Did you try? A Look at the data from #SMWsmac [InfoGraphic]

What can you do in 16 days? Try!

With just under a month before Social Media Week 2012, it came to our attention that NYC did not have a daylong event that was tailored to teach the small business owners and professionals how Social Media is and can be used. On Feb 1st, 2012 dbmei authors decided to launch Social Media Action Camp! The event which a few days later became an official part of Social Media Week was set for Feb 16th 2012 at the Roger Smith Hotel in NYC.

Data provided by Synthesio , and a few other sources .

The event tag #smwsmac generated over 1,000 tweets! Which represents about 5% of the social media activity in New York City. The Social Influencers reached over 116,000 followers and generated tweets in 15 countries globally!

In addition to the info from Synthesio, we also know that:

  • 102 people  attended throughout the day
  • 128 viewers at one time on LiveStream
  • 976 views on the Live Stream Channel
  • 1484 tweets to date #smwsmac
  • 71 check-ins on foursquare to the Roger Smith Hotel

The Official Social Media Week event page hosted on SocialMediaWeek.org generated 177 Facebook “Likes”, 250 “shares” on LinkedIn and 834 tweets that did not feature #smwsmac as a tag. Making the event the most socially shared event for ALL Social Media Week 2012 globally!

The Social@Olgivy Movers & Shakers platform supported by Kred featured organizer @BasilPuglisi as the top influencer for Feb 16th and both @BasilPuglisi and @dbmei as the top 5 influencers for the following day Feb 17th 2012.

The event was a mix of speakers featuring some of the digital names like Google, Klout, Synthesio, StumbleUpon, EmpireAvenue & Constant Contact. The event featured digital media professionals like David Meerman Scott, Amy Vernon, Mardy Sitzer, and Lujure’s Nathan Latka. Lisa A Burns, representing Corning Inc.,  spoke about the wonder of how a Fortune 500 Company used YouTube to capture more than 17 million views. Then the dbmei authors Bill Corbett Jr., Jeff Ogden, Craig Yaris and Basil C. Puglisi contributed their take on using social media to generate action!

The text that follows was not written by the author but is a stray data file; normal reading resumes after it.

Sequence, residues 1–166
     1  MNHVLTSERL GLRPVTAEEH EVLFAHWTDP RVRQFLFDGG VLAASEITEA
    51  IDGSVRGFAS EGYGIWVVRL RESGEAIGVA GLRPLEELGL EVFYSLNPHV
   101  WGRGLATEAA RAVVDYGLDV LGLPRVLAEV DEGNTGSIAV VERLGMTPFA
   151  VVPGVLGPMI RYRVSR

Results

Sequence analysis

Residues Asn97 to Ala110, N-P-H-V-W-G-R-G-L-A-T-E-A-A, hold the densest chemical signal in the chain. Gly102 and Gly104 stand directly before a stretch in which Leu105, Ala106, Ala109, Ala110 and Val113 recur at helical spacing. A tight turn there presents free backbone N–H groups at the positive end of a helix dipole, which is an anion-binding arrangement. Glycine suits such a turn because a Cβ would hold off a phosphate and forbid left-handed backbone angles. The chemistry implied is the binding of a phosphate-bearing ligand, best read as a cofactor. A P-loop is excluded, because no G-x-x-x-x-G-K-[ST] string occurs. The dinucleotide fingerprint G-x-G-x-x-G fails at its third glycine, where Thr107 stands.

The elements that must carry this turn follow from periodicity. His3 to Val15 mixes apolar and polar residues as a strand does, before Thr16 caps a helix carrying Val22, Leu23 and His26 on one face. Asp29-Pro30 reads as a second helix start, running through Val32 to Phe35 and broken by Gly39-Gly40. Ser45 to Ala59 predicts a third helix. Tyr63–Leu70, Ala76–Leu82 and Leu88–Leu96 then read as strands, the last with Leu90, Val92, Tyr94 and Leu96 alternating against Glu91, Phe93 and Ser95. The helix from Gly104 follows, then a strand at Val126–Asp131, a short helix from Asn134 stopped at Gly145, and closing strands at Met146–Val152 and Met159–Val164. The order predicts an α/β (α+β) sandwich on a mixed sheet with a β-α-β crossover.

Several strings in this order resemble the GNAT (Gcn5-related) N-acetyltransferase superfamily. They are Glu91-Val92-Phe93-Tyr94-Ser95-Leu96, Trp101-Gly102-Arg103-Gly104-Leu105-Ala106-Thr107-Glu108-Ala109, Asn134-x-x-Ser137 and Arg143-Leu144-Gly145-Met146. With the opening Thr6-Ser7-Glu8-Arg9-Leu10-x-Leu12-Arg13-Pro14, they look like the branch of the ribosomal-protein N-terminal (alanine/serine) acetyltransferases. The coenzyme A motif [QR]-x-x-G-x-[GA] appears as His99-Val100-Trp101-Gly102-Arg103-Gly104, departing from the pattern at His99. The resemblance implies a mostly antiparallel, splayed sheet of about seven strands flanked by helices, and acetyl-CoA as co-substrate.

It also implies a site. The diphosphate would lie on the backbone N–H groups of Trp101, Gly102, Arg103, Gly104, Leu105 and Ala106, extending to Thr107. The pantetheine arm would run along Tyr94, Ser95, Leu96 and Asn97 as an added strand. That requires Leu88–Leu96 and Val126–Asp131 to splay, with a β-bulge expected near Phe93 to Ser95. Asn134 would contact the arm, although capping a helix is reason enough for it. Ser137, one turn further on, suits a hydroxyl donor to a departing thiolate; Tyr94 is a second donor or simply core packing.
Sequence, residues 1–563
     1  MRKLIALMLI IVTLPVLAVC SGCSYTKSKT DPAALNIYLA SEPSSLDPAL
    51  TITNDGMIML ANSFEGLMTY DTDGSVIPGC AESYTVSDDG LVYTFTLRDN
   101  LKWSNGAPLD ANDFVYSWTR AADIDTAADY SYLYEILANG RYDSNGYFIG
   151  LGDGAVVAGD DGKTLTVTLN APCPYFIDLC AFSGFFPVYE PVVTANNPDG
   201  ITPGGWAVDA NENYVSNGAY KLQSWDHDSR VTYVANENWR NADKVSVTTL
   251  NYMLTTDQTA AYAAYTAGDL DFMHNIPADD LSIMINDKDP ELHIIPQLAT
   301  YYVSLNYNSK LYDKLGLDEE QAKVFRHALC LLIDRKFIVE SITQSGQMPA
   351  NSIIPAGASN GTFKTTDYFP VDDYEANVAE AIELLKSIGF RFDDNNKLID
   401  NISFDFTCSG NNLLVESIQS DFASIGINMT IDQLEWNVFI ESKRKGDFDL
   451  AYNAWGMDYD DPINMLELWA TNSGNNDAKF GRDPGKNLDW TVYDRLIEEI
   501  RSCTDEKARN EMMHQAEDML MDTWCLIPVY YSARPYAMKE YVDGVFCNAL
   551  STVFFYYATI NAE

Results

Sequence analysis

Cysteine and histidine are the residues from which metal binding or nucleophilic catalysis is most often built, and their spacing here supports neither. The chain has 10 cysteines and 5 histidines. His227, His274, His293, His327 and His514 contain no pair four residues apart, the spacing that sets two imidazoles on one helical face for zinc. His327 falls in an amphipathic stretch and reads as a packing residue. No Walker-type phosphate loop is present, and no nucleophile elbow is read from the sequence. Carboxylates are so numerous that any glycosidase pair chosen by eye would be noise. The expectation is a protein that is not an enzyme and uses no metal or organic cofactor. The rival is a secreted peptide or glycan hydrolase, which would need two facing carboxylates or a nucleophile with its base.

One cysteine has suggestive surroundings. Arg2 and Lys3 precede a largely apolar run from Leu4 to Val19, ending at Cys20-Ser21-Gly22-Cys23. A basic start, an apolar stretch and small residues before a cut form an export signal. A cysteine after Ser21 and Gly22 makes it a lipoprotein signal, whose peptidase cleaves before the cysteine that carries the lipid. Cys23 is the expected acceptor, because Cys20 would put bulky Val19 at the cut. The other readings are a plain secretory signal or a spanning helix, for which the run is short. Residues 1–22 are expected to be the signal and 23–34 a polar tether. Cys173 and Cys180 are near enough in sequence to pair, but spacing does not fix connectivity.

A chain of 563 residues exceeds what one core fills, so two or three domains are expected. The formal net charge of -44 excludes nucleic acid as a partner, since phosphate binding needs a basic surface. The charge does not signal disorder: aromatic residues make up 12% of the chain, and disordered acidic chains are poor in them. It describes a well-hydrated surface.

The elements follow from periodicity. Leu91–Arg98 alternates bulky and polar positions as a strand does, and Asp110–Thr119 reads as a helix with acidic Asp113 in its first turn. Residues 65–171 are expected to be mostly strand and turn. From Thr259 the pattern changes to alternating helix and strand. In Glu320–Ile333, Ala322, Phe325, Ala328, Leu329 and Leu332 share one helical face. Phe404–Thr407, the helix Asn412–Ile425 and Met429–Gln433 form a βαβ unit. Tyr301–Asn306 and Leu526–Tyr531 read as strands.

The real success resulted from the response that the attendees reported.   The mix of content and style presented,  generated useful information in many areas with actionable advice and solutions.

“The diverse group of presenters offered extremely valuable best practices and actionable advice. It was also nice attending a social media event that didn’t cater to newbie’s or skeptics”  said David Gise

The event exemplified the point that “you don’t know till you try”, and while we have a long list of things we can do to make the next event even better, it’s an important point for dbmei as well as the individuals involved to say not only did we try, but we succeeded. If you take nothing else away from the article, we hope that when a opportunity presents itself, you be so bold as to try and make it happen.

 

Social Media Resolutions for 2012

Social Media Resolutions DBMEIEveryone makes resolutions.  Whether to lose weight (yes), workout (yes), increase business (yes), or re-connect with old friends (yes), the new year brings with it a new beginning.  A time to start over, to reflect on the past year and what went right, wrong, and nowhere.  A time to do better.

And, social media is no different.  The new year is a time to reflect on where we were, where we are, and where we are going within the social sphere.

And here they are, some Social Media Resolutions for 2012, in no particular order:

 

  1. Be yourself.  One of the most important social media tenents is to be yourself.  Don’t try to be something you aren’t.  Be honest, be real.  Don’t we all like that?
  2. Share more meaningful content.  Give your fans, followers, connections what they are looking for – information.
  3. Engage.  Be active and responsive on Twitter, Facebook, and LinkedIn.  Don’t just lurk, but interact.  Show what you know, and who you are.  Don’t be afraid.
  4. Are you using all networks effectively?  Look over your social strategy and spend time where it is most beneficial.  Maybe you are not getting anything out of LinkedIn.  Maybe it’s not for you.  Spend your time where you are most helpful/get the most benefit.
  5. Don’t be afraid to try the latest and greatest.  Are you on GooglePlus?  Maybe you should be.
  6. Don’t always be selling.  In fact, do it very little.  No-one, not even you, likes to be sold to all the time.  That’s not what social is for.
  7. Evaluate your efforts.  Is it worthwhile to be on Twitter 24/7?  (The answer is probably not).  Are you using your Facebook Page effectively?  Learn to use analytics to help you be more effective.
  8. Start a blog.  Write.  Don’t be afraid.  We all have something to say.